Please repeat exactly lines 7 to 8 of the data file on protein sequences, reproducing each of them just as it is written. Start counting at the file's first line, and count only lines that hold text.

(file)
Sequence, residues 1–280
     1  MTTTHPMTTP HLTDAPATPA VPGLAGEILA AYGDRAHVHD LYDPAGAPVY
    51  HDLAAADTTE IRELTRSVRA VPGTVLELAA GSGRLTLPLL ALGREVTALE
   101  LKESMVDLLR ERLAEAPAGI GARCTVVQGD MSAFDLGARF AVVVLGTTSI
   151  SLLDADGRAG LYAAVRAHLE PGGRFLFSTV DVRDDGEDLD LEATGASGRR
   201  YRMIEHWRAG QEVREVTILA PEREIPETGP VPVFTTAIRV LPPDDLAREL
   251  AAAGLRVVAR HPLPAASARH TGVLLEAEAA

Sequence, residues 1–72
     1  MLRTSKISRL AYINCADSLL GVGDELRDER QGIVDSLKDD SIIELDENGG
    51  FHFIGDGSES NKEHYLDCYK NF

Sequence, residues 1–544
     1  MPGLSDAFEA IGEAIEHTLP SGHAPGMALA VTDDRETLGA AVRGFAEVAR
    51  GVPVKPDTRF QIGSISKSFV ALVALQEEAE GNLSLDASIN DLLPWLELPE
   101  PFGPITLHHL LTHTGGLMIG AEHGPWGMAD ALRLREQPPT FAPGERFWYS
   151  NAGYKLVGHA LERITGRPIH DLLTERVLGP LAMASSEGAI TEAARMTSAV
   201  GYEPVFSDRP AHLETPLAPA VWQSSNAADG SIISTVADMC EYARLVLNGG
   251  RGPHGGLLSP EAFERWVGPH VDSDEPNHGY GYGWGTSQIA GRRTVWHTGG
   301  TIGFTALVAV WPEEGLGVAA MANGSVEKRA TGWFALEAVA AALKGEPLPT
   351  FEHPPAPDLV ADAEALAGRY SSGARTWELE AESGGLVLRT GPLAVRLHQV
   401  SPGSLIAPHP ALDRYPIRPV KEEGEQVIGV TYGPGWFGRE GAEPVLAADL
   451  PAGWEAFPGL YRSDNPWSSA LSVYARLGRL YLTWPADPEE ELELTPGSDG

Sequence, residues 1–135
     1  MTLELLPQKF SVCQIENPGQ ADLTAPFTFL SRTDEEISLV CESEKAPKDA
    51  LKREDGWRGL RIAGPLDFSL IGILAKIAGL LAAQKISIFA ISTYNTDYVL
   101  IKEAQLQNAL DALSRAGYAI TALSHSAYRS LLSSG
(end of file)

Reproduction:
   251  AAAGLRVVAR HPLPAASARH TGVLLEAEAA

Sequence, residues 1–72